Seldom do students and teachers practice gratitude and self-analysis like in our Latinos in Action...
Almost twenty years ago, a teacher with Provo City School District named José Enriquez created the Latinos in Action course, sowing the seeds that would mature into a national organization. Latinos in Action, for those unfamiliar, is a program that sees our Hispanic students for who they are and what they can become– leaders, innovators, and full of potential.
We recently visited Provo High School to celebrate the program, speak to students about previous Latinos in Action projects, and learn more about future events.
To paraphrase the Latinos In Action (LIA) Mission Statement, Latinos in Action is a year-long elective course using an asset-based approach to bridge Latino students’ graduation and opportunity gap, working from within the educational system to create positive change. The program focuses on four pillars: leveraging personal and cultural assets, excelling in education, serving the community, and developing leadership skills.
In 2015, the White House Initiative on Excellence in Hispanic Education awarded LIA the White House Bright Spot for Hispanic Education. It’s a program with invaluable merits for our Hispanic students.
Throughout October Latinos in Action class periods, students familiarize themselves with each other, developing a collaborative base to organize events, eventually performing in a joint performance with Provo High School Choir, co-planned by the four Latinos in Action committees.
These committees are Professional, Service, Fundraiser, and Social committees. Each committee offers an opportunity to practice leadership, project management, and service related to their unique assets and goals.
“For the event, each of our four committees prepared a portion of a thirty-minute dance,” said Kim, one of four Latinos in Action Committee Presidents. Kim explained that the group scheduled time to practice their dances in the gym and organized each committee to deliver a cohesive group performance.
Christian, the Vice President of the Professional Committee, explained that students with dance backgrounds had an opportunity to teach dance moves. Students performed a medley of dances including the Huapango, a couples dance characterized by complex footwork, a Cumbia Wepa, a traditionally Colombian dance modernized with a hallmark heavy downbeat and accentuated upbeats, and a Bachata, a four-step dance representative of romantic entanglements, heartbreak, and how one copes with heartbreak. Students interested in music production mixed a single mash-up track.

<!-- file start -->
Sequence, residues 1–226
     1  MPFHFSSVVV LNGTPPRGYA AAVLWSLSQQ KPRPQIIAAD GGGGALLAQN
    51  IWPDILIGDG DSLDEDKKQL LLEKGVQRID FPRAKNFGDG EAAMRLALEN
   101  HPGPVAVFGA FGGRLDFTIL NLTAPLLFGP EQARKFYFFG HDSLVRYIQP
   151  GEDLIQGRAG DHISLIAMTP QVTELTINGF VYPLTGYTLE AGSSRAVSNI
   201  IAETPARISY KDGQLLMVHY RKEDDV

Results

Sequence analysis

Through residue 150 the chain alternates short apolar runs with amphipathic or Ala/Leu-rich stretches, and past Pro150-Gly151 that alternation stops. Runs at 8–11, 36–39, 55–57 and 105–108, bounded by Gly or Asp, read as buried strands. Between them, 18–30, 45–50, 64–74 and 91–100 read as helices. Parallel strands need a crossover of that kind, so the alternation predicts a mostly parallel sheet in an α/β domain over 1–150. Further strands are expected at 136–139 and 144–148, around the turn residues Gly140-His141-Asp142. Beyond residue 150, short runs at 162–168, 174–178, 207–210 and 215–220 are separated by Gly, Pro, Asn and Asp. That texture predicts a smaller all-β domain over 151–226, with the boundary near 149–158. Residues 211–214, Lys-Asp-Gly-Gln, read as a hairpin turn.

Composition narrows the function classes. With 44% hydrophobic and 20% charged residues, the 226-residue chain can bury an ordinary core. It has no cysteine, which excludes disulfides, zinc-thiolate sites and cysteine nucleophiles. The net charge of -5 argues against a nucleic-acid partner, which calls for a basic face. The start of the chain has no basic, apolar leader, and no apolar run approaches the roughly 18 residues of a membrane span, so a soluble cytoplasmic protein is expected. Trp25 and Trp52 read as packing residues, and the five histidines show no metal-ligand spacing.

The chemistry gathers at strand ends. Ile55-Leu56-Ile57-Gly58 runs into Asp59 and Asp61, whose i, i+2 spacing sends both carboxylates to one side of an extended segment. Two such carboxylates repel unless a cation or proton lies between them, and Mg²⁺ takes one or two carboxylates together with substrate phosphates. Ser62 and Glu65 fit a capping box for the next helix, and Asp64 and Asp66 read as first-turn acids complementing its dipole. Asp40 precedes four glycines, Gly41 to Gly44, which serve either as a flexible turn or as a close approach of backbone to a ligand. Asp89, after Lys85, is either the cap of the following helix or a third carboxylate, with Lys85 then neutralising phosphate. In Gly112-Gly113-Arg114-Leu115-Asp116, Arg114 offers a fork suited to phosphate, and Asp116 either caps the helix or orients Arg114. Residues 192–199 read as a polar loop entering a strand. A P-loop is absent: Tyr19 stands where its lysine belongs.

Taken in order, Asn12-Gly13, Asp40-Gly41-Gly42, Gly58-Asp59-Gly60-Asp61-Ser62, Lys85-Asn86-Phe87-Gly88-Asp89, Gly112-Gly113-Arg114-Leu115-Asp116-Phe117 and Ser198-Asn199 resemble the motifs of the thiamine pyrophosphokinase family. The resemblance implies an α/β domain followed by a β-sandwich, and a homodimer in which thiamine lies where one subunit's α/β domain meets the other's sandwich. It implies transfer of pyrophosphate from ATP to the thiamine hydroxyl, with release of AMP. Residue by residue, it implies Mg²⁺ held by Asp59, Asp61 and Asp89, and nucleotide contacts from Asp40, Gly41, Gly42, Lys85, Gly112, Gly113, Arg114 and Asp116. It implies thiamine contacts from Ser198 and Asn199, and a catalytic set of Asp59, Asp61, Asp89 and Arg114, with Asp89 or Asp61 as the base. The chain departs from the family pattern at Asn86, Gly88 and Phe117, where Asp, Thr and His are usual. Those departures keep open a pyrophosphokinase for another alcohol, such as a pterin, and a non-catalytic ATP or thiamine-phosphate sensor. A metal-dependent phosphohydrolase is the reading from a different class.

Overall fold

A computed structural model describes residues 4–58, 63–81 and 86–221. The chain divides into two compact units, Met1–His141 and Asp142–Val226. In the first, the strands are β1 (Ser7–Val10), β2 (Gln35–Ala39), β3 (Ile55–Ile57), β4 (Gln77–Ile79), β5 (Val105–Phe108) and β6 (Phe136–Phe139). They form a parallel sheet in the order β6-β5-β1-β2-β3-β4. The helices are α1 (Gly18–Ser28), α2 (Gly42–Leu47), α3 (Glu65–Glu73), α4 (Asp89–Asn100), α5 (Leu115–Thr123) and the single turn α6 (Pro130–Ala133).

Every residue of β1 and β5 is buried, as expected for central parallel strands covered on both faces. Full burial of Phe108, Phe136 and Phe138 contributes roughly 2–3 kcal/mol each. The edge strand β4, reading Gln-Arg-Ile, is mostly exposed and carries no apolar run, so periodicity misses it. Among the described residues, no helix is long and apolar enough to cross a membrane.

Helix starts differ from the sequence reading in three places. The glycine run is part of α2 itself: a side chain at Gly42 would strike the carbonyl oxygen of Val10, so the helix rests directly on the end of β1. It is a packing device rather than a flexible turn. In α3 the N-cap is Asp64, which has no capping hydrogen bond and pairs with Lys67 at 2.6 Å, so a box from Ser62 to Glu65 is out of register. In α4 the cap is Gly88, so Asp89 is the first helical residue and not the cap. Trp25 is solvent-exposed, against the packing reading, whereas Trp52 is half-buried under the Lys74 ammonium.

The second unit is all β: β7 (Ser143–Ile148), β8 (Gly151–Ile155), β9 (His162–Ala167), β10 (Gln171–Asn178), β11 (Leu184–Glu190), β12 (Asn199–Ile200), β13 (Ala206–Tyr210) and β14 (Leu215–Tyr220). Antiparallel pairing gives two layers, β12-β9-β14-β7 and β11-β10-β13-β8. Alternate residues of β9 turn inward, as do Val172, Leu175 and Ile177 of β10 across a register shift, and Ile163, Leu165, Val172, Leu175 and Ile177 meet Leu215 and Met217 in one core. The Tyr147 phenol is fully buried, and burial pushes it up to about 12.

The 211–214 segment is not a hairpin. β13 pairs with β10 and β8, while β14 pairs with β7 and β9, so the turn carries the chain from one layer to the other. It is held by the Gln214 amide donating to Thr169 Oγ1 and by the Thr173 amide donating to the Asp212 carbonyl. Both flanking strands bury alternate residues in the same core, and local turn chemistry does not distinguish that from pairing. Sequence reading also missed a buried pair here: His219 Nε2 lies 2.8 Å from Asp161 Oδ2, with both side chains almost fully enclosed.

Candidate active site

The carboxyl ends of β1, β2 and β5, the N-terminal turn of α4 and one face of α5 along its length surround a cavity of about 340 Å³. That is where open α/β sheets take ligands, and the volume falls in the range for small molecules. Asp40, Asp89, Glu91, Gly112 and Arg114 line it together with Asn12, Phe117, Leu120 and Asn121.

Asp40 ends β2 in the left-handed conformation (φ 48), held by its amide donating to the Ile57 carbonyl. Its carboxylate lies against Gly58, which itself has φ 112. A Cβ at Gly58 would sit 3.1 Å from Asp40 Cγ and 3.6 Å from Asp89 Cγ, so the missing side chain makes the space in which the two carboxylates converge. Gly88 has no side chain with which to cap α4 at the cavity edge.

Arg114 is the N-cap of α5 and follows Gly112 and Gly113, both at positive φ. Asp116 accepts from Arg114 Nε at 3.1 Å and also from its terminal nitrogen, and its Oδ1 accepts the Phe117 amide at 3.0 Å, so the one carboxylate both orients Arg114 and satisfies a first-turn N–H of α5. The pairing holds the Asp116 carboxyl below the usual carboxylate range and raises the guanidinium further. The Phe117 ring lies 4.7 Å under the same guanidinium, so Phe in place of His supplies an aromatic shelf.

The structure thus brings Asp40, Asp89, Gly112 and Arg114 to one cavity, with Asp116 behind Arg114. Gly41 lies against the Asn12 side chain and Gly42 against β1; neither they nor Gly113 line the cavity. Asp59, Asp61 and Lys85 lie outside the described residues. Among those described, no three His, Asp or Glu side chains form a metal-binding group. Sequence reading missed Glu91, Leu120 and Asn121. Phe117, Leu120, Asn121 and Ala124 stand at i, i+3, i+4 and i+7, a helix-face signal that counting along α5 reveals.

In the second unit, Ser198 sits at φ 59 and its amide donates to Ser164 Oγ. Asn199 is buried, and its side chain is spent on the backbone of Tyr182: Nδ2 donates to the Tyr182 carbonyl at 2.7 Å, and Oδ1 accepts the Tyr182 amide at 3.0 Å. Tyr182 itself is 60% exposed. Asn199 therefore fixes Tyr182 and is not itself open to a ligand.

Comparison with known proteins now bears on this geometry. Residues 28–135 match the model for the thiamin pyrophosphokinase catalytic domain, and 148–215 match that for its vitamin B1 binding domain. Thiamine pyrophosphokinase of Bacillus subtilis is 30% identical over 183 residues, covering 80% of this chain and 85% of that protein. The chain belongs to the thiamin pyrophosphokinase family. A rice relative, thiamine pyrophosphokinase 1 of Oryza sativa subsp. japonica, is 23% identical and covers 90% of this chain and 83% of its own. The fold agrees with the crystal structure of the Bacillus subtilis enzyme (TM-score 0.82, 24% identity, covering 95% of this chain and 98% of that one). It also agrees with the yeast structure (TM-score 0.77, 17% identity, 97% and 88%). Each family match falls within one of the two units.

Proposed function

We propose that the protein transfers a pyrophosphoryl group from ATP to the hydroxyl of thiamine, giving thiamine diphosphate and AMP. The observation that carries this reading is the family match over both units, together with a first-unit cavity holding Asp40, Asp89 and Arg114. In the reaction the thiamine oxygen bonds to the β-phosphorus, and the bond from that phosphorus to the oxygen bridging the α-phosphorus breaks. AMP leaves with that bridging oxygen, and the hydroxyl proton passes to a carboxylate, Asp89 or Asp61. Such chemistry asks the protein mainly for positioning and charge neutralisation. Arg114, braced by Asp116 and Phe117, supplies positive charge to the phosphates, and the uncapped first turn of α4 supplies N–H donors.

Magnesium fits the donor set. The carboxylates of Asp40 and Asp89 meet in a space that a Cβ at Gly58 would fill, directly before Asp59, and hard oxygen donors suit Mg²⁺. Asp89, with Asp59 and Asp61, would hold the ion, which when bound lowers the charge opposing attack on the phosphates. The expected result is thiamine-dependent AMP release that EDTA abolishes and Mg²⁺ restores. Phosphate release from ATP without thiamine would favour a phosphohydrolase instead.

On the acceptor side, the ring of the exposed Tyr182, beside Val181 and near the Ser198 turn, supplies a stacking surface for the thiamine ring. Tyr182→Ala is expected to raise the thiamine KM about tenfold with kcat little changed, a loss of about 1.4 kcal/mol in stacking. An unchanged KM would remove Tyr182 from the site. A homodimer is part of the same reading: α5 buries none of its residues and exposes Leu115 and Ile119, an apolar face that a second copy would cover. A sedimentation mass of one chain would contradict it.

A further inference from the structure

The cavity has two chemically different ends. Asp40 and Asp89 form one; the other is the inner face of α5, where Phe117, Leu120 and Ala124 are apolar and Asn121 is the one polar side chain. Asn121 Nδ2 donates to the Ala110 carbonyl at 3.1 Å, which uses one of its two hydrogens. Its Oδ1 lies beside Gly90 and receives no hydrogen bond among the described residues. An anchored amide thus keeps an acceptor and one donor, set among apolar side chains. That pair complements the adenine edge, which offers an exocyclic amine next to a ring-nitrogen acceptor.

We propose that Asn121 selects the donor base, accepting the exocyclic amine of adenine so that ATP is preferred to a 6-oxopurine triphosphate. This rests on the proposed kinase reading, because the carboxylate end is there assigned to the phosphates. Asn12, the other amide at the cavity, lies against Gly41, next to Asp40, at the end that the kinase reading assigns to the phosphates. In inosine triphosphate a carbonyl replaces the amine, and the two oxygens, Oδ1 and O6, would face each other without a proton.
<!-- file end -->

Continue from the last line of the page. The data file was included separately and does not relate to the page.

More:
Roger, a student on the Fundraiser Committee, previously belonged to Provo High’s Service Committee last year. Roger learned a Bachata to dance at rest homes as a means of service. After learning the Bachata the previous year, he also learned hip-hop and breakdancing in a separate school club. Using his background knowledge and interests, Roger developed a significant portion of the event’s choreography.
Latinos in Action is a program where students use their background knowledge as an asset to offer unique services and prepare distinctive events. More often than not, students must work together on projects introducing students to marketing and communications methods and task coordination.
Their September carwash, for example, was one event forwarded by the Fundraising and Social Committee, hosted as an inexpensive way to gather funds and offer services. Students marketed the event through social media channels and school posters, collaborating between their committees to deliver a product.
After the success of their dance performance, each committee planned for their Dia De Los Muertos event. The Fundraiser Committee discussed hosting a Horror Movie, checking if the event was plausible with current funds after the carwash. The Social Committee was preparing an interactive game to draw students to the event.
Many students are continuing a tradition from middle school or in the footsteps of their siblings.
Diego, a returning Latinos in Action student said, “Our middle school teachers organized the events– which made sense. But the difference is that we plan and prepare events now. We organize our committees. We run the events.”
Latinos in Action is a program drawing the past, present and future together for students, asking them to draw on lived experiences to draft a flexible plan for a brighter future. It’s an exceptionable program full of exceptional students. We can’t wait to see what they do next.